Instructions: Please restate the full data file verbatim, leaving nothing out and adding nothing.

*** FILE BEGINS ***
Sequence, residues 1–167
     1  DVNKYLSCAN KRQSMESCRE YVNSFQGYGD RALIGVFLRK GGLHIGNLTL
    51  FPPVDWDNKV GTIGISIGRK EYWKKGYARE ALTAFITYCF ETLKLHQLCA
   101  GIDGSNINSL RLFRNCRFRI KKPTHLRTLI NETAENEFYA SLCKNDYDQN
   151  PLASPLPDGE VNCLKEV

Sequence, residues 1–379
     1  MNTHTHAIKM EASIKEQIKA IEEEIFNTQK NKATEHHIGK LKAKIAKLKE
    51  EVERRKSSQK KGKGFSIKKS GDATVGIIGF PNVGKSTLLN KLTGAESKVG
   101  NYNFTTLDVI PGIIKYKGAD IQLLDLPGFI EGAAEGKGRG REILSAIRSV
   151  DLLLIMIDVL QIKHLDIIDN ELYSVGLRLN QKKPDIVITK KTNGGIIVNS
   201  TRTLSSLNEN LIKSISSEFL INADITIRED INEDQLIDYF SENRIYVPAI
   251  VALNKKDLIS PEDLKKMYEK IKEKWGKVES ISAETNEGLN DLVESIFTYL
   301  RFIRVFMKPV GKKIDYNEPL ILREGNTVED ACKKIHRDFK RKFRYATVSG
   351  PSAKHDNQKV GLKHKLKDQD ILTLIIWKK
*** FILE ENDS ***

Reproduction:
Sequence, residues 1–167
     1  DVNKYLSCAN KRQSMESCRE YVNSFQGYGD RALIGVFLRK GGLHIGNLTL
    51  FPPVDWDNKV GTIGISIGRK EYWKKGYARE ALTAFITYCF ETLKLHQLCA
   101  GIDGSNINSL RLFRNCRFRI KKPTHLRTLI NETAENEFYA SLCKNDYDQN
   151  PLASPLPDGE VNCLKEV

Sequence, residues 1–379
     1  MNTHTHAIKM EASIKEQIKA IEEEIFNTQK NKATEHHIGK LKAKIAKLKE
    51  EVERRKSSQK KGKGFSIKKS GDATVGIIGF PNVGKSTLLN KLTGAESKVG
   101  NYNFTTLDVI PGIIKYKGAD IQLLDLPGFI EGAAEGKGRG REILSAIRSV
   151  DLLLIMIDVL QIKHLDIIDN ELYSVGLRLN QKKPDIVITK KTNGGIIVNS
   201  TRTLSSLNEN LIKSISSEFL INADITIRED INEDQLIDYF SENRIYVPAI
   251  VALNKKDLIS PEDLKKMYEK IKEKWGKVES ISAETNEGLN DLVESIFTYL
   301  RFIRVFMKPV GKKIDYNEPL ILREGNTVED ACKKIHRDFK RKFRYATVSG
   351  PSAKHDNQKV GLKHKLKDQD ILTLIIWKK